• The ineffectiveness of a new, partially implemented Torrance Alerts automated mass telephone notification system that informs residents of what they should do in the case of an emergency or natural disaster. Mayor Pat Furey, who lives two blocks from the refinery, said it took three phone calls before the recorded alert played, while Weideman said he didn’t get one at all at his north Torrance home of 35 years.
      Councilman Geoff Rizzo said the alert’s readout on his caller ID did not convey the urgency of the situation, a sentiment echoed by Councilwoman Heidi Ashcraft, who screens all calls to her home phone.
    • A lack of education about what the public should do when hearing the siren, or as one resident put it: Should people “run like hell” or shelter at their home or office? (It’s the latter.)

    “We need, along with the refinery, to do a better job of outreach and educating folks,” Deputy Fire Chief Dave Dumais said Wednesday.

    Fire Chief William Racowschi said officials would use the incident as a “baseline” to incorporate what they learned into improving the largely untested mass notification system and other elements of the response.

    “We learned a lot and, thank God, it was a localized event that didn’t cause a whole lot of destruction and death,” he said Wednesday.

    Note: This version has been changed from the original to reflect Tim Goodrich’s status as a former, not current, worker for a labor union.

      RAILWAY AGE: Why tar sands train became a fireball – bitumen isn’t necessarily safer than Bakken

      Repost from Railway Age
      [Editor: Significant quote: “This blend of bitumen and petroleum-based diluents, known as “dilbit,” has a low flash point. Thus, the widespread belief that bitumen from Alberta’s northern oil sands is far safer to transport by rail than Bakken crude is, for all intents and purposes, dead wrong. This may be disruptive news for bitumen shippers, carriers, and regulators.”  – RS]

      Why bitumen isn’t necessarily safer than Bakken

      By  David Thomas, Contributing Editor, February 23, 2015 
      Feb. 14, 2015 CN oil train derailment near Gogama, Ontario
      Feb. 14, 2015 CN oil train derailment near Gogama, Ontario. CBC News/Dillon Daveikis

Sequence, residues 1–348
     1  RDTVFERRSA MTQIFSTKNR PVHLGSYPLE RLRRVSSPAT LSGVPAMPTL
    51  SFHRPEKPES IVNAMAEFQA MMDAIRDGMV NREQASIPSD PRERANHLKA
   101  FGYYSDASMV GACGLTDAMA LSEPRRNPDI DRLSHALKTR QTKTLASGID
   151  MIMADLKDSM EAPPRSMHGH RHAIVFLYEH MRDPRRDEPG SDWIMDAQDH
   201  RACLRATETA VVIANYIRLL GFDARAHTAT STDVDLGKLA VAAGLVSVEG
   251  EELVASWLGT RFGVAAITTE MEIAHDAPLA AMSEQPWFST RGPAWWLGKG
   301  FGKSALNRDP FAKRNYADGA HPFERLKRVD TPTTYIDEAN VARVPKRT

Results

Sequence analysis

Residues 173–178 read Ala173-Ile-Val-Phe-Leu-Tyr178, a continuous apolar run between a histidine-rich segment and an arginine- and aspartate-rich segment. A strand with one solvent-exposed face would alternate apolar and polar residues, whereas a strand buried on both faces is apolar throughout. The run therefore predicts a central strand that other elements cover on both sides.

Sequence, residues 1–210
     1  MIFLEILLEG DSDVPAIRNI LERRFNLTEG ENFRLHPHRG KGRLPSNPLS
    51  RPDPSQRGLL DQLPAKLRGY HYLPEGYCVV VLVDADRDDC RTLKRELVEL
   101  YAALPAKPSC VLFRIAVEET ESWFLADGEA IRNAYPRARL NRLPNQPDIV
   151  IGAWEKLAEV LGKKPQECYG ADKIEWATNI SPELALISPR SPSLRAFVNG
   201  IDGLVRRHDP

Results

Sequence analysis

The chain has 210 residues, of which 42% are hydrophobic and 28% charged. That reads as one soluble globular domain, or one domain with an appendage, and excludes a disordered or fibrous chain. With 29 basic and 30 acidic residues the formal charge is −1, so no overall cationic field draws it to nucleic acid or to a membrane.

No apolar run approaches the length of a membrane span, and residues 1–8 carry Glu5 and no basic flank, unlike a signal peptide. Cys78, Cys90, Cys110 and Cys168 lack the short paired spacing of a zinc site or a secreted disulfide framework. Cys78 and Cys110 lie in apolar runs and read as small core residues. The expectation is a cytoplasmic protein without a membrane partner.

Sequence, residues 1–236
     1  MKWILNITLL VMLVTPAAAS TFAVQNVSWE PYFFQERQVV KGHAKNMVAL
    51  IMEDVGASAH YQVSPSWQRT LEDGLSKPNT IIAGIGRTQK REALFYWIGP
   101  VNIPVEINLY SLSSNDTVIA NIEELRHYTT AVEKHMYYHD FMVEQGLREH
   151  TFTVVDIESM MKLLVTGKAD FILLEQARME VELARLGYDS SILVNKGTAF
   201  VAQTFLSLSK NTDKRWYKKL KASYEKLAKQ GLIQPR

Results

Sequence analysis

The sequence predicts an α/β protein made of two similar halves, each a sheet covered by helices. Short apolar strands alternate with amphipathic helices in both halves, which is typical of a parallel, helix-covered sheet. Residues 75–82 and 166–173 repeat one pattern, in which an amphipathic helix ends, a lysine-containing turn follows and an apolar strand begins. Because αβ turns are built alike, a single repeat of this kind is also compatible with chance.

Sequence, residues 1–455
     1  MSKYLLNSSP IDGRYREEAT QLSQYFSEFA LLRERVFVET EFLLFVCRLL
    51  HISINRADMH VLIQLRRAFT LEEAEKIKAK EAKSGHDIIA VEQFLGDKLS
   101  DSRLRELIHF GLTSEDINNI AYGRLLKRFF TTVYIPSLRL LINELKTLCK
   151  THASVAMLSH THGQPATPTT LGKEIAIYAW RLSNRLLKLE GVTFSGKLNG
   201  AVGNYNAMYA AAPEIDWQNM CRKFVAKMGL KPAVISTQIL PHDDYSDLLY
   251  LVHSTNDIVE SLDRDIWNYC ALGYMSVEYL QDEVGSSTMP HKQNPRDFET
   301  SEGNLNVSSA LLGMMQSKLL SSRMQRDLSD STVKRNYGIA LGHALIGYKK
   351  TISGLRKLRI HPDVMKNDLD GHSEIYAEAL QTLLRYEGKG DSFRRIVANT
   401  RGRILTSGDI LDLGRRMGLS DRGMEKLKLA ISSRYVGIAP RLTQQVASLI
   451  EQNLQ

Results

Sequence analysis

The chain reaction fireballs that attended the Feb. 16, 2015 derailment of a CSX unit oil train in populated West Virginia probably blinded observers to the significance of the concurrent derailment and explosions of a CN oil train in a remote and uninhabited area of northern Ontario. Most reports treated the two events as equals, given that both trains consisted of recently manufactured CPC-1232 tank cars loaded with crude oil.

      CN’s Ontario conflagration is the more disturbing of the two mishaps: The railroad reported that its train was not carrying the extra-light Bakken crude that, in a series of high-energy derailments since 2013, has proved to be explosive. To the contrary, the CN train was laden with bitumen, the extra-heavy tarry substance extracted from Alberta’s oil sands. Bitumen, in its natural highly viscous form, is considered to be essentially inflammable by petrochemical experts and is rarely considered in safety evaluations of crude by rail.

      So why did the bitumen ignite and explode in Ontario’s -40ºC (-40ºF) weather? The reason, based on research consulted by Railway Age, is that the diluent added to make bitumen flow into and out of tank cars makes the blended lading quite volatile.

      This blend of bitumen and petroleum-based diluents, known as “dilbit,” has a low flash point. Thus, the widespread belief that bitumen from Alberta’s northern oil sands is far safer to transport by rail than Bakken crude is, for all intents and purposes, dead wrong. This may be disruptive news for bitumen shippers, carriers, and regulators.